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If Beale Street Could Talk
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‘If Beale Street Could Talk’ doesn’t live up to all the enormous acclaim

2.5 stars (out of four)

The film refers to Beale street in New Orleans and is based on a 1974 novel by James Baldwin. I do think the film is going to be handicapped by its title. It’s one of those titles that you can’t really figure it out. Because the novel was acclaimed and Baldwin was such an iconic novelist, they have left the title. But it really tells you nothing about the movie.

The movie is about a young couple deeply involved in Harlem in the 1970s. He is wrongly accused of rape, and after going to prison, his entire family is trying their best to get him out. His young lover finds out she’s pregnant, and it follows the struggles for the baby and to get this man out of prison.

It’s a film that’s slow-moving and artistic, but ultimately redeemed. The director is the very gifted Barry Jenkins, who made “Moonlight”, and here crafts a loving adaptation that captures the spirit of the novel.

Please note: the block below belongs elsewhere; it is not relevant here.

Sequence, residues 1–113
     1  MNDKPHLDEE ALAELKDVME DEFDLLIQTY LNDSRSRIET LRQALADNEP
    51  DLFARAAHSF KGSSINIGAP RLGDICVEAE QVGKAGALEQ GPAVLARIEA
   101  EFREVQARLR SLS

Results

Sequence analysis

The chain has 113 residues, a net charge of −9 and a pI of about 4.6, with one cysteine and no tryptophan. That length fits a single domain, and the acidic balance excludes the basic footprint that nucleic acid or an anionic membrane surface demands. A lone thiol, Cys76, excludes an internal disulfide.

This is really is a tragedy, not in the vein of “Romeo and Juliet”, because the families in this film come together to try and save the young man from the toils of implacable racism. It’s a truly remarkable performance by a young actor named Stephan James. And Kiki Layne is luminous playing his fiancée.

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The big Oscar attention here is for Regina King, who plays the young girl’s mother who will do absolutely anything to protect the child that is coming, and to try to get this decent young man out of prison.

It’s one of those films that goes back in time and forward in time and back in time again. The performances make you root for these people who seem very real and very dimensional. But in terms of sustaining a very intense, lyrical pace, I’m not sure that the plot and the writing actually do that.

When you’re reading this in a novel it doesn’t feel slow-moving, and here it does. Each of the scenes is lovingly crafted, and you have to respect it, but the film does not quite deserve the enormous acclaim that it’s received. It’s won major awards from Seattle film critics and many other critic organizations and will probably be remembered at Oscar time.

What they’re responding to is something that’s explained at the very top of the film in a crawl: Somehow the jazz on Beale Street, led by Louis Armstrong, spoke volumes about the entire black experience in America, which is part of what this film tries to do.

However, will anyone who goes to see this film feel deeply disappointed in it? No, the film delivers the goods.

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